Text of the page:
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    It is very confusing and hardly any texts explain this clearly.

    Prior to interphase, the DNA that makes up each chromosome is present in the nucleus, but it is not organised into a chromosome. Instead, it is busy being transcribed and so it takes the form of an extended double helix of DNA plus associated histones, transcription complexes and so on. The best you can usually manage when you do try to see it in a microscope is to see a diffuse staining of chromatin (which is the DNA plus associated proteins) spread all over the nucleus.

    All of the chromosomes, including the maternal and paternal homologues are present at all times. If you think about it, this is why heterozygous individuals carrying a gene for a disease (say) can survive. The normal gene on the chromosome inherited from the normal parent goes into production to compensate for the deficiencies of the disease copy that was inherited from the other parent.

    Anyway, in mitosis, there is no need for homologous chromosomes to pair up. But in meiosis, they do, because they will need to exchange sections of DNA by recombination.

    I think that answers the question, but in case you need more explanation of mitosis, here it is:

    At interphase, as the cell prepares to divide, the whole genome of DNA replicates itself. You now have a nucleus which contains twice the usual amount of DNA, but you still don't see the chromosomes yet, as the DNA is opened up and extended while it is being replicated.

    When replication is finished, there is little or no DNA transcription going on, so the DNA condenses into tighter structures which we see as the chromosomes. This is prophase. Remember that each chromosome now contains twice the amount of DNA that was originally there because it has just replicated itself. What we see is this "doubled" chromosome, made up of the original DNA double helix plus its new copy, joined together with a centromere. To denote this special state, each copy is called a chromatid.

    At anaphase, the proteins that bind the sister chromatids together are cleaved, and the chromatids split apart. One goes to one daughter cell, the other to the other daughter cell. Once separated, each is just a double helix of DNA, just like they were in the original cell. So they assume their "true" identity and are called chromosomes again!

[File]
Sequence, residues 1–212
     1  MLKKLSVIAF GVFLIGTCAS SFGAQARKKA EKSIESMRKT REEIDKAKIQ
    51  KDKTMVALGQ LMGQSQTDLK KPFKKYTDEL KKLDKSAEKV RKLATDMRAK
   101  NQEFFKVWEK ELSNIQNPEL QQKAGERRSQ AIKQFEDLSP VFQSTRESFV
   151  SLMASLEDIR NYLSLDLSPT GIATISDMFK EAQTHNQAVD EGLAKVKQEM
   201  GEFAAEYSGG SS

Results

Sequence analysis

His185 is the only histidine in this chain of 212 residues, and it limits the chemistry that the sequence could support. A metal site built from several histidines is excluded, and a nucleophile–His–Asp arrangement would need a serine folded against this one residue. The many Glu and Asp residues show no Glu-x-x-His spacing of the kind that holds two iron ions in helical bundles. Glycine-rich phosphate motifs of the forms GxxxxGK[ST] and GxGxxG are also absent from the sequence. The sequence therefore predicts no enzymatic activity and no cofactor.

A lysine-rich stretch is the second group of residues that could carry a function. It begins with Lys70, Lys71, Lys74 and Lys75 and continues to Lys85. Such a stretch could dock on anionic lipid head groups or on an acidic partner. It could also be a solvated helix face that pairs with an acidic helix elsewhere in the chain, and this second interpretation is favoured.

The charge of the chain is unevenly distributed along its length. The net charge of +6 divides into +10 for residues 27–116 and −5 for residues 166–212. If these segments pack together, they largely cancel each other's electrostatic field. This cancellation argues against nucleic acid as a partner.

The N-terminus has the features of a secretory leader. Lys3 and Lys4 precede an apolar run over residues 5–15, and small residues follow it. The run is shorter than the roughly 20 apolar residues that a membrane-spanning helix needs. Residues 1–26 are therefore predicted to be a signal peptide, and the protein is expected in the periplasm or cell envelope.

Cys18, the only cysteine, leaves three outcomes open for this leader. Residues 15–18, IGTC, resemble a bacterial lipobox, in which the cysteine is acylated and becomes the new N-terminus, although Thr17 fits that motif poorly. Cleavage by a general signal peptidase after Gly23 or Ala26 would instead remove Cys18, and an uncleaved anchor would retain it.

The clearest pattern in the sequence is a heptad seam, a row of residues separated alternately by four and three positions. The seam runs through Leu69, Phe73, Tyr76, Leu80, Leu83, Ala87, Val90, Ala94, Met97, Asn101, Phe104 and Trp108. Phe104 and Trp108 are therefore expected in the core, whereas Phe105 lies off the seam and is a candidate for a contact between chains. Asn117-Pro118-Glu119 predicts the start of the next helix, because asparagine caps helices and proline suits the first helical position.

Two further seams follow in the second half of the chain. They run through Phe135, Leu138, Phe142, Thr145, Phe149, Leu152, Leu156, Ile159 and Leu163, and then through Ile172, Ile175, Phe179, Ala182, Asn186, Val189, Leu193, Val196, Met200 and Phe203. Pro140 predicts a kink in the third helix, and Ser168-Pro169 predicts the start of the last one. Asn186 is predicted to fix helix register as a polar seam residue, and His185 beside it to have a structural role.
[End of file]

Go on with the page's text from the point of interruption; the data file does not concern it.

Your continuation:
Hope that helps.
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    (Original post by OxFossil)
    It is very confusing and hardly any texts explain this clearly.

    All of the chromosomes, including the maternal and paternal homologues are present at all times. If you think about it, this is why heterozygous individuals carrying a gene for a disease (say) can survive. The normal gene on the chromosome inherited from the normal parent goes into production to compensate for the deficiencies of the disease copy that was inherited from the other parent.

    Anyway, in mitosis, there is no need for homologous chromosomes to pair up. But in meiosis, they do, because they will need to exchange sections of DNA by recombination.


    Hope that helps.
    @OxFossil That was really helpful, i'm pretty sure i understand what you are saying, thank you!
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    (Original post by ProbablyJade)
    @OxFossil That was really helpful, i'm pretty sure i understand what you are saying, thank you!
    You are welcome. It was a long-winded reply, let me know if there is anything you couldn't follow.